My parents used to make a living selling as a distributor for Eaton’s, a Canadian retailer famous for their catalogues. The Christmas catalogue was particular fun to look forward to, as a kid, because there were all the cool toys. What was a little different from how many catalogues are done now is that you took a form to a local distributor who placed the order, which was then shipped back to the distributor. Very personal sort of interaction. Eaton’s had stores in big cities, but even in the big cities, people knew about Eaton’s catalogue.

Eaton’s had been in business for decades, and it was a real shock when they closed up shop. This precipitated one of many career changes for my parents, who were pioneers in life-long learning. Let me tell you, the idea of “you’ll have several careers in your lifetime” isn’t a new idea in my household.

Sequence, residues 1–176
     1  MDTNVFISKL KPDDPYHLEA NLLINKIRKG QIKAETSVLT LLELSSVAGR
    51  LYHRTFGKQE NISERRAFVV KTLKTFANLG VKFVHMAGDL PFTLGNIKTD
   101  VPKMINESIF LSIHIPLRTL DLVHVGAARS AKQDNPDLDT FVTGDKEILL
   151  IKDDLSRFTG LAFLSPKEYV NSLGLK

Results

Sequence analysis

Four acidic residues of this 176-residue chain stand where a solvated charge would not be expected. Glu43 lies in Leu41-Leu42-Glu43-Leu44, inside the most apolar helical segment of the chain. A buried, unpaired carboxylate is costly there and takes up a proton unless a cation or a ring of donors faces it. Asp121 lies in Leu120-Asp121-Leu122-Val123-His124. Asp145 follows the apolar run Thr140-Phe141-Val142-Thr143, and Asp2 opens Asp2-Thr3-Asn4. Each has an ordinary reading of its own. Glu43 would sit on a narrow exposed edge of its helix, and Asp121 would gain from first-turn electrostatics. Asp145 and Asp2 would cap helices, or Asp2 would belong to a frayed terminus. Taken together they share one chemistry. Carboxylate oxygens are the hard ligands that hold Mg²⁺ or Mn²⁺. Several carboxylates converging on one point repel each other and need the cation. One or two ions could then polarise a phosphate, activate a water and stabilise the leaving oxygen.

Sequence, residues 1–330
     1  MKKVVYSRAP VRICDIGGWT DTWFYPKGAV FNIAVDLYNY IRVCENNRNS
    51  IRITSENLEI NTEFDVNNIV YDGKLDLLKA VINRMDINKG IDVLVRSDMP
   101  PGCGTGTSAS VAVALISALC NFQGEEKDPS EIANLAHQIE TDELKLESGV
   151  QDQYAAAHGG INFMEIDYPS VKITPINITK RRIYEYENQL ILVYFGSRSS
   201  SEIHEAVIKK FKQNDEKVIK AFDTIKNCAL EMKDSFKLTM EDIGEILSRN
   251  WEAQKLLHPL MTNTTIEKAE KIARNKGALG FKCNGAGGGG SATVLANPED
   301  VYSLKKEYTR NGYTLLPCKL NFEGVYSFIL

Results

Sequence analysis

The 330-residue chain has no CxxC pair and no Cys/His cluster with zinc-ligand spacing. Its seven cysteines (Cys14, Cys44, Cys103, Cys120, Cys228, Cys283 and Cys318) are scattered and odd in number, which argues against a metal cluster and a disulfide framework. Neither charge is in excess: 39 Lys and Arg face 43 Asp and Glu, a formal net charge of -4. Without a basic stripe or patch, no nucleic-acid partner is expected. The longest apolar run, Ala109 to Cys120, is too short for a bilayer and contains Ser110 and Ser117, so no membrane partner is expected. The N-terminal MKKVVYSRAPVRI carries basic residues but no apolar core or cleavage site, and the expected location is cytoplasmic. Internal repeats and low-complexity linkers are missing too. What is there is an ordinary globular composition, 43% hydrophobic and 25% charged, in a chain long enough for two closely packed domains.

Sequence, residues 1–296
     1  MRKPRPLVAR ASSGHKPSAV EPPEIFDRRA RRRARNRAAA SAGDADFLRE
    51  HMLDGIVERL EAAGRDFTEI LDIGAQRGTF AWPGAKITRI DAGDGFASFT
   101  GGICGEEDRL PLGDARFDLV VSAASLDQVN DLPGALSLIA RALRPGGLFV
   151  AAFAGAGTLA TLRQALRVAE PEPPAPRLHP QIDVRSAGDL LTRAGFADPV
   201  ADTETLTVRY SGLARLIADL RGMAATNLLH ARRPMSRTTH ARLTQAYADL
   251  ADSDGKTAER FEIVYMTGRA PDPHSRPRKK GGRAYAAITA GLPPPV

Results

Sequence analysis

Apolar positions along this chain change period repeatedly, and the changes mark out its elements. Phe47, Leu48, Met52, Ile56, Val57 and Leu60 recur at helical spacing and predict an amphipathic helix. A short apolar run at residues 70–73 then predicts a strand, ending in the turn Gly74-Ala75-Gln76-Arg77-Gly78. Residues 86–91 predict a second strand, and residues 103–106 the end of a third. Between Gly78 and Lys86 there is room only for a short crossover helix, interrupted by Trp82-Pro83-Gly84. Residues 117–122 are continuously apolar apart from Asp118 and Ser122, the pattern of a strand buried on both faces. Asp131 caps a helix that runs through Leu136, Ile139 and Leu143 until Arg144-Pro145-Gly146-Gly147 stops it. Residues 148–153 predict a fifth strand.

Now, of course, the Internet has filled the niche that catalogues used to. But in case you needed living proof of just how far removed mailouts are from human involvement, read this short article here.

02 November 2003

Work in progress

Snapped this quick picture as I was walking into work the other morning of the big, big crane being used to build together the Regional Academic Health Center.

T’will be a lovely building. The question remains, though, as to who will work in it.